Buying Guide: Six Terrific French-Made American Wines
French expertise shines on American soil. Here are six great American wines by French winemakers.
2005 Cayuse Cailloux Vineyard Syrah ($65)
Made in a stony vineyard full of rocks that remind Baron of Châteauneuf-du-Pape, this is a tour de force of concentrated, complex flavors—cola, tobacco, cherries, pepper and smoke—integrated into a seamless, polished wine that seems delicate despite its hefty 14-plus-percent alcohol.
2006 Peter Michael Winery La Carrière Chardonnay ($80)
Morlet credits this single-vineyard Chardonnay, formerly made by his brother Luc, for getting him hooked on California wine. Nicolas’s own version has the bright minerality he loved in his brother’s, with notes of peach, honey and vanilla.
2006 Morlet Family Vineyards En Famille Pinot Noir ($85)
This is a special wine for Morlet, as some of the fruit was stomped by his children. It’s a perfumed Pinot with a classically complex and Burgundian sweet-red-cherry fragrance. It’s vibrant, concentrated and full-bodied.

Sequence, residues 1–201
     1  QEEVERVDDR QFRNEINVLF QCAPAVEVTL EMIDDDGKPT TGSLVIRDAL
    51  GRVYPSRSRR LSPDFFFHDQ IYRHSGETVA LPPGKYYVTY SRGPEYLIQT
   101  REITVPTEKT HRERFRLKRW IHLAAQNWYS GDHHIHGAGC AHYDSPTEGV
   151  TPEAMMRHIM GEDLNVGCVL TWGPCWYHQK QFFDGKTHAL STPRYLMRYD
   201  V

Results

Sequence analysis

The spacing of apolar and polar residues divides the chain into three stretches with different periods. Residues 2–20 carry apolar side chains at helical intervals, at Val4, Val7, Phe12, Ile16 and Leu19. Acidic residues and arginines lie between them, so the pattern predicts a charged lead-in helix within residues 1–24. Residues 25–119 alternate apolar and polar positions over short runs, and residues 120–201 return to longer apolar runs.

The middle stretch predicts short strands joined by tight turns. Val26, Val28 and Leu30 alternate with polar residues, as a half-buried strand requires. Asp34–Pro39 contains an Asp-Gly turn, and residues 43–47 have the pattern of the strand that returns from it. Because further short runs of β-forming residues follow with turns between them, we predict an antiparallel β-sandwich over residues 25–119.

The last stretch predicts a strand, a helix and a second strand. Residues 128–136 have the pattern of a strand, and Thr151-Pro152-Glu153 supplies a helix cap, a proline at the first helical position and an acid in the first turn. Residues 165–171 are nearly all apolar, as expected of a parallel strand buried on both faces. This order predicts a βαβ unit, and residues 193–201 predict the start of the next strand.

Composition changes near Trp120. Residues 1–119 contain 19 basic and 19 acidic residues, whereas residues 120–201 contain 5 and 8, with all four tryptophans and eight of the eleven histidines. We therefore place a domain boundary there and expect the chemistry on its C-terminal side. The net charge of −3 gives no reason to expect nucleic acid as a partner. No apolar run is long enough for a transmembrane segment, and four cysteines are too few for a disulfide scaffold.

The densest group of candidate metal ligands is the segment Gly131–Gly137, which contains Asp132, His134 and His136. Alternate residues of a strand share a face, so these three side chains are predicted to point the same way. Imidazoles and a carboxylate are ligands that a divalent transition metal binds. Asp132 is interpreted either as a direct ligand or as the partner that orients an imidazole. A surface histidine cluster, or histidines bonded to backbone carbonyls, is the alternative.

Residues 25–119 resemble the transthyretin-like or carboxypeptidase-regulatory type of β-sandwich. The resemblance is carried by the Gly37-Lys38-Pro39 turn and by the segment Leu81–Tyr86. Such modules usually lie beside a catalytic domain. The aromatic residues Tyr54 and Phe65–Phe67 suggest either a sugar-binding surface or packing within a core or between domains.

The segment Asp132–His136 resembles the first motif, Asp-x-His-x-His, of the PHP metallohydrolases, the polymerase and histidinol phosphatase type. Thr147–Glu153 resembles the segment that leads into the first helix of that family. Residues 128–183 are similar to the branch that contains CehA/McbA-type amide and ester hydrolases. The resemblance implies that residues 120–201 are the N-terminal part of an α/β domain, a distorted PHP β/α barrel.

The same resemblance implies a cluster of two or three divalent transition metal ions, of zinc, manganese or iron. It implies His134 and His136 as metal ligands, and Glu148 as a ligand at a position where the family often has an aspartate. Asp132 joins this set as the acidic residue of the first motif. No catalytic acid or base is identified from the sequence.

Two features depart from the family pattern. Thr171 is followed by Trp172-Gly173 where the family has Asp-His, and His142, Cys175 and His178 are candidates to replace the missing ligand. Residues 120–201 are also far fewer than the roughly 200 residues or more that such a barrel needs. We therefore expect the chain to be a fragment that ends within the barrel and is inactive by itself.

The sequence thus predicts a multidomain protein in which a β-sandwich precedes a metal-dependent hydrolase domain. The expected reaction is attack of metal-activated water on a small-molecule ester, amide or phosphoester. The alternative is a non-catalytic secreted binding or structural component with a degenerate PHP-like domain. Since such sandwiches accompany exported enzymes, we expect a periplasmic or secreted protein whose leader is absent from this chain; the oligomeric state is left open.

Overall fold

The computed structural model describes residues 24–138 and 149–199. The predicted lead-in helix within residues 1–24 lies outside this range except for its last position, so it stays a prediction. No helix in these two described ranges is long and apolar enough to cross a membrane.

2006 L’Aventure Estate Cuvée ($85)
From Asseo’s home property in Paso Robles, California, comes this Syrah-Cabernet, a blend that joins Bordeaux and the Rhône. A dense, superrich (nearly 16 percent alcohol) wine with spicy aromas of vanilla, blueberry and raspberry candy, it’s all brash New World in its flash and exuberance.
2004 Métisse Napa Valley ($90)
Melka makes famous wines for clients (Hundred Acre and Vineyard 29 are just two from his extensive portfolio), but this 500-case bottling is all his. A Cabernet Sauvignon–based blend with portions of Merlot and Petit Verdot, it is as supple and as silky as a top-notch Pomerol.
2005 Vérité Le Désir ($200)
Seillan’s version of a Bordeaux blend—Cabernet Franc and Merlot— is what he calls a “micro cru,” made from select vines in three different Sonoma vineyards. Seillan has created a profound wine with deeply woven notes of blackberry liqueur, smoke and cassis.